The result of all of this is that so-called Â³lifestyle workersÂ² all but slept under the supervision of the company. This was a culture in which workers proudly proclaimed the abandonment of their families and personal interests in slavish devotion to The Company with pride. Weight gain, pallid complexion, and poor hygiene were worn as badges of honor and garnered muted respect among peers. After all, who had time for such frivolities?
Any moments of low self-esteem or mild depression were dispersed by unsolicited calls and emails from persistent recruiters. These scavengers were more often than not unable to conceal the fact that Boolean search terms had led them to my resume, rather than actual interest in connecting me to the right job. This too, was part of the equilibrium of Silicon Valley life.
I welcomed these New Values because, of all things, Silicon Valley workers are motivated by one, unifying cause: greed. After a year, greed took me from Cisco and into a whirlwind of startups as the valuations of such companies reached hundreds of times their earnings. We all bought into the vision that the illusory market would continue to drive our option growth forever Â or at least for long enough for us to get out and buy our mandatory Boxster and retirement palace in Carmel-By-The-Sea. Frankly, for Valley workers, most of whom are under 30, it was a chance worth taking.
But then came March 2000. The cataclysmic downturn of the dot com economy (if it ever was one) brought with it more than its share of nervous anxiety. But the worker bees still believed in their Stock Market Prophets, who proclaimed that a bear market was a buying opportunity. We kept our noses to the grindstone, accepting the inconvenience of a delayed IPO. Boxster orders were placed on hold, but plans went ahead to redecorate the guest bedroom.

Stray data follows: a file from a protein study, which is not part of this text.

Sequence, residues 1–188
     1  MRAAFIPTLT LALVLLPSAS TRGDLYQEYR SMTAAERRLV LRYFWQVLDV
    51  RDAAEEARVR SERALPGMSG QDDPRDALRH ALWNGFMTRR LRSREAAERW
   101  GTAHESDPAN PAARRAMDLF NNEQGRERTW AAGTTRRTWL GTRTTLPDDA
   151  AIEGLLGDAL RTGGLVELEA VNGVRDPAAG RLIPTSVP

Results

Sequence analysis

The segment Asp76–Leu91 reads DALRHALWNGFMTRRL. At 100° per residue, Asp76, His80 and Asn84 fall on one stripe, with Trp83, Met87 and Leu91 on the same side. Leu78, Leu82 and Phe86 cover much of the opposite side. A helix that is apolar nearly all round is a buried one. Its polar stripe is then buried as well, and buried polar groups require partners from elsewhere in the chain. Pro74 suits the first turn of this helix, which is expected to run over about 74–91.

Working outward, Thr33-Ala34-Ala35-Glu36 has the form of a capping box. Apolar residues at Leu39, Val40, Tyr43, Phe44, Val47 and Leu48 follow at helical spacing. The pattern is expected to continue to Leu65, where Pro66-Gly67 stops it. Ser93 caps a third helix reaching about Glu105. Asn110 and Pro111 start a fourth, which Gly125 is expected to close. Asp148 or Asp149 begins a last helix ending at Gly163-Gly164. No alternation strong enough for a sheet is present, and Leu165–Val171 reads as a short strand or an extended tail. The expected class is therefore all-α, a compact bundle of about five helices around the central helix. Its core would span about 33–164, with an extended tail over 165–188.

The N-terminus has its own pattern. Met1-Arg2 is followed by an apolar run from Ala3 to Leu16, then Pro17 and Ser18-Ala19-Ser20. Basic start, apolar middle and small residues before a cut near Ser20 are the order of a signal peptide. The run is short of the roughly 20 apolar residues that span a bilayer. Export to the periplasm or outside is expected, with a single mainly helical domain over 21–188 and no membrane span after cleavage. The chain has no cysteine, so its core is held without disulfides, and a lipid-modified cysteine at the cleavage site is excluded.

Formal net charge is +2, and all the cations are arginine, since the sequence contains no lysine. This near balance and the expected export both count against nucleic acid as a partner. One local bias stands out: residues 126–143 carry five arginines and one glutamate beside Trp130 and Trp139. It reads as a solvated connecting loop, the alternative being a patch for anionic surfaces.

The days of reckoning came shortly before Christmas. The stock market, unsatisfied with their prior grumbling regarding unprofitable dot com companies, resorted to a sucker punch. Dot com companies, especially those without actual business plans, and their employees could no longer cling to fuzzy notions of early exits. They learned that it would be a long grind.
Silicon Valley is now a much different place. The $100,000.00 per month billboard ads touting online shopping sites, which flanked the 101 Freeway through the good times, have been replaced by those of boring, uncool infrastructure companies. The recruiters donÂ¹t call as often and arenÂ¹t as persistent.
I left in October, along with others who saw the writing on the wall. Collectively, we realized that the self-sacrifice was not sustainable, and the sacrifices without the reward carried the penalties of our youths. We emerge from the experience as seasoned veterans of Generation XÂ¹s best opportunity to get what our parents got, and more. Some of us succeeded, some of us will try again.
Returning now, from my new, reasonably-priced home in the Hollywood Hills, is like arriving at the party after everyone has left, and being asked to clean up. The detritus of the dot com revolution still trudge down the 101 every morning and evening, still making the payments on the Land Rover, but the tone and the conviction is not the same.
The blind optimism is gone. For now, itÂ¹s back to business.
Ian Andrew Bell is a technology consultant and writer living in Hollywood, CA. Reach him at scoop [at] ianbell [dot] com